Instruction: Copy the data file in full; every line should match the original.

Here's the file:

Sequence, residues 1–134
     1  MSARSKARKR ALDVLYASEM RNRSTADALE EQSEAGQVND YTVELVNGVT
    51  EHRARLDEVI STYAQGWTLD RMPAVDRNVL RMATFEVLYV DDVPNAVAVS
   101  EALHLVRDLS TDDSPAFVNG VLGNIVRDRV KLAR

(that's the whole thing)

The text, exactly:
Sequence, residues 1–134
     1  MSARSKARKR ALDVLYASEM RNRSTADALE EQSEAGQVND YTVELVNGVT
    51  EHRARLDEVI STYAQGWTLD RMPAVDRNVL RMATFEVLYV DDVPNAVAVS
   101  EALHLVRDLS TDDSPAFVNG VLGNIVRDRV KLAR